|By Graham Warwick
|Where is the next combat aircraft? Domestic and export orders will keep U.S. and European production lines running through the middle of the decade. But development work is diminishing and design teams dissipating, and the gap between new programs stretches out.
The U.S. Air Force and Navy have begun requirements definition and technology development for “sixth-generation” air dominance aircraft, notionally aimed at service entry in 2025-30. But despite Russia, and now China, unveiling F-22-class stealth fighters, U.S. budget pressures are likely rule out any significant funding before 2015.
Russia’s Sukhoi T-50 entered flight testing in December 2009 and is targeted for entry into service around 2015. The Chengdu J-20 made its first flight on Jan. 11 and China has talked of a fighter becoming operational in 2017-19, so it is clear that U.S. stealth aircraft could face peer threats by 2020.
But even if the U.S. launches a next-generation fighter program soon after 2015, the 15-year spans from flying competitive prototypes to initial operational capability for both the F-22 and F-35 make a 2030 in-service date look doubtful.
Meanwhile, F-22 production is wrapping up and while the F-15E and F/A-18E/F (and possibly F-16) lines will continue through 2015 and the F-35 Joint Strike Fighter program still plans production beyond 2030, the growing issue for industry is the lack of design and development work. The only near-term prospect is the family of long-range strike systems the U.S. Air Force is looking at to replace its planned next-generation bomber program, which was suspended in 2009. While the system is likely to include new strike weapons for existing platforms, U.S. Defense Secretary Robert Gates this month said the Air Force will invest in a new long-range, nuclear-capable penetrating bomber.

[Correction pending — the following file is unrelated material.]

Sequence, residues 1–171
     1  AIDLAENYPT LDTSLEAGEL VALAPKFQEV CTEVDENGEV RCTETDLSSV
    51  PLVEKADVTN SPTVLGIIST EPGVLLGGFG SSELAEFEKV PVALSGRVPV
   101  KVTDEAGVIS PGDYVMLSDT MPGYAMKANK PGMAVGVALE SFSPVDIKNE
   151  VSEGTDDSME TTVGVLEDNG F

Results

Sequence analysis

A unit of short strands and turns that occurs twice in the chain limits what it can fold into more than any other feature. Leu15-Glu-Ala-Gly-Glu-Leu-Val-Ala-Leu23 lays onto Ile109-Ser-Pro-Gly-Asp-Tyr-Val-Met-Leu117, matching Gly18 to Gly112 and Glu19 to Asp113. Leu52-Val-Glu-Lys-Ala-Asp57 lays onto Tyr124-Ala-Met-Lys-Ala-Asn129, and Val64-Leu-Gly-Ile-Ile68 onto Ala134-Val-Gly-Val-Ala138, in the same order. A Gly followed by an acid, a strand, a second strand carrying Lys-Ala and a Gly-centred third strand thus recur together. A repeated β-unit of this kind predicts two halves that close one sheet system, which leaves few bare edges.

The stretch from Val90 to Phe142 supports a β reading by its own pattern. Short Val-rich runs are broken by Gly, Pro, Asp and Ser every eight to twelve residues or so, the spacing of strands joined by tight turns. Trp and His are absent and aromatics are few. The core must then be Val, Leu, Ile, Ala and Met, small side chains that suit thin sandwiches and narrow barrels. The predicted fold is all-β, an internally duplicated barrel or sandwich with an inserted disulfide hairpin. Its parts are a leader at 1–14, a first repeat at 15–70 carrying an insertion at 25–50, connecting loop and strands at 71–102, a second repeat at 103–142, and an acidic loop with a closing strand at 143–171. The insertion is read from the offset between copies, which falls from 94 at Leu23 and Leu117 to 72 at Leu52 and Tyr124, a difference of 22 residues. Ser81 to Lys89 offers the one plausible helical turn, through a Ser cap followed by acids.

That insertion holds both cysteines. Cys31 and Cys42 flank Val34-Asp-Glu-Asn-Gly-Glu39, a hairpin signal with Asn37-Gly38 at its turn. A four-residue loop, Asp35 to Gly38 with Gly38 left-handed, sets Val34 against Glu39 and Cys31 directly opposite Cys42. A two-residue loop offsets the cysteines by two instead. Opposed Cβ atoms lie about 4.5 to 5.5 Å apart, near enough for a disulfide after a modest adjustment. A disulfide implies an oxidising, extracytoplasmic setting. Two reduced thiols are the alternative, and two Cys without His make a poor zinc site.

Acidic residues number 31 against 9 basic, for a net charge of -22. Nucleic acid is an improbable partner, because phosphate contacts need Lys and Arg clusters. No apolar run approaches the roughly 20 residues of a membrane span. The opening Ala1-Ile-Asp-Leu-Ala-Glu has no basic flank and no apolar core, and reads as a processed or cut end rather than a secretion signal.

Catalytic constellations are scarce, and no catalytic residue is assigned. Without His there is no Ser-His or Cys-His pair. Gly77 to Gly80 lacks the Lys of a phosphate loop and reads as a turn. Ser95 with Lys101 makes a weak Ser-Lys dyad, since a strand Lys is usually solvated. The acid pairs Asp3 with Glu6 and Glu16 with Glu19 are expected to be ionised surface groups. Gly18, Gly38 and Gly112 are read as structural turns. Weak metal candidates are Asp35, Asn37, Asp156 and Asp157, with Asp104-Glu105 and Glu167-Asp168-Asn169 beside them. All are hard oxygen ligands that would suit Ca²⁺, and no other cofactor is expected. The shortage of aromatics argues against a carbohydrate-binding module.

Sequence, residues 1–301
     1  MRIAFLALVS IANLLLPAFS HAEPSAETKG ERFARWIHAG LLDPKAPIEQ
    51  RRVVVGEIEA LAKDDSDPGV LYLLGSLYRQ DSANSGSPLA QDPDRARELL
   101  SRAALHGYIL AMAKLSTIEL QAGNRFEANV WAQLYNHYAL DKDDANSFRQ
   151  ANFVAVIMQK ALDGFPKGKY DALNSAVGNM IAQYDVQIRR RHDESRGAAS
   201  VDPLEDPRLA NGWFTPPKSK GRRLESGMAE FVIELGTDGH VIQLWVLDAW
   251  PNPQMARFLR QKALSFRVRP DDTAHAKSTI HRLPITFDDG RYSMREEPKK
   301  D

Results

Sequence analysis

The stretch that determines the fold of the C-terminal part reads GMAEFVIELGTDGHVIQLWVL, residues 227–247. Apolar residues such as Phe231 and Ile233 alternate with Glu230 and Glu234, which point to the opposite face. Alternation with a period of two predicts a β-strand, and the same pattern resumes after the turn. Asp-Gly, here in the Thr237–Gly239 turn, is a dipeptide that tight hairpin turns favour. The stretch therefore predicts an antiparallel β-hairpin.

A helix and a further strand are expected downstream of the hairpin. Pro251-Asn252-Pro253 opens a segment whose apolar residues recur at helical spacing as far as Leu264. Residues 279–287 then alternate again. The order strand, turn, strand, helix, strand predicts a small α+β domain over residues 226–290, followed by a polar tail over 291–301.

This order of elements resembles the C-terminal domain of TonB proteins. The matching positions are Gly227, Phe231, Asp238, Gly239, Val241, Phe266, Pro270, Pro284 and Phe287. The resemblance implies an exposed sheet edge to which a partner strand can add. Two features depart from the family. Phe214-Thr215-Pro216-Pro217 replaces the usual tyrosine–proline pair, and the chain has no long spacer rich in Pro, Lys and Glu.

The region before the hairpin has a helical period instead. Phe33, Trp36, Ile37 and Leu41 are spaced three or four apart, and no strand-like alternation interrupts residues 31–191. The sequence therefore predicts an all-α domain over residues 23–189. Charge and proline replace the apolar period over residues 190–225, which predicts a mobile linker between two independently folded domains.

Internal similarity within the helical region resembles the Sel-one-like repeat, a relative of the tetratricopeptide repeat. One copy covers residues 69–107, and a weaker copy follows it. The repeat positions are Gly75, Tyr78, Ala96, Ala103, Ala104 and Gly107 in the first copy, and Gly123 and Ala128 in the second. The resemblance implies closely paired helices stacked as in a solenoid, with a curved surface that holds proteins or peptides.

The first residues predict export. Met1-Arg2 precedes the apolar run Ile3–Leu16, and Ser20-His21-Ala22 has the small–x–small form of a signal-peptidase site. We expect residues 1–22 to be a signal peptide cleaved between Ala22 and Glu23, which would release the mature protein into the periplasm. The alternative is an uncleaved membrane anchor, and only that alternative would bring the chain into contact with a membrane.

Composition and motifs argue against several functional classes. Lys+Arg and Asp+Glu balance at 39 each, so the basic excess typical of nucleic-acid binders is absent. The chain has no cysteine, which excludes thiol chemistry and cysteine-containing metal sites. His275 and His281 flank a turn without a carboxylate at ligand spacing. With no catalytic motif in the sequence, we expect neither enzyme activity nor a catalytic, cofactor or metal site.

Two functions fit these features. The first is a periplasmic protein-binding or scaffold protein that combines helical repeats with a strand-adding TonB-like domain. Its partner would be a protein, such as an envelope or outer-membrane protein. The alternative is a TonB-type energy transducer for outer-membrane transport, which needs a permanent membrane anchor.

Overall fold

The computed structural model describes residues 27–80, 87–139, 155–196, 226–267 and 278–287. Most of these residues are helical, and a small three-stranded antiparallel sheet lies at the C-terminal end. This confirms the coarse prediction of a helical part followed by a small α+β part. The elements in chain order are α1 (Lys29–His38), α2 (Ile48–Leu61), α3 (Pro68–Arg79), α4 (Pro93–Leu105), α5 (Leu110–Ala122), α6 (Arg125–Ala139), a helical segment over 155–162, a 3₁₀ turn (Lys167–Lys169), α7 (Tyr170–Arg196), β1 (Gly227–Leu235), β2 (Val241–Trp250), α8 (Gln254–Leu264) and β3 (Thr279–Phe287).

Funding to begin the program is expected in the Pentagon’s Fiscal 2012 budget request, to be unveiled in February. Gates says the aircraft, which will have the option of being remotely piloted, will be designed and developed using proven technologies to ensure it can be delivered on schedule and in the quantity required.
Since the original next-generation bomber plan was shelved, the long-range strike program has been undergoing an intensive cost scrub within the Pentagon. This critical look at the design requirements driving cost is similar to the process that is en route to reducing the price tag on the Navy’s SSBN(X) next-generation ballistic missile by 35% from initial estimates.
The result could be a platform optimized for extremely low observability, potentially with optionally manned capability, but using technology from aircraft like the F-35 where it makes sense and saves money. This could include avionics and engines. For industry, that could mean a scaled-back design and development effort compared to previous bomber programs.
Aside from a new bomber, potential platform design and development opportunities are limited to possible next-generation unmanned aircraft, including the Air Force’s planned MQ-X Predator/Reaper replacement and a carrier-based UAV for the Navy. The scope and timing of these programs is far from clear, but more detail may come with the 2012 budget request.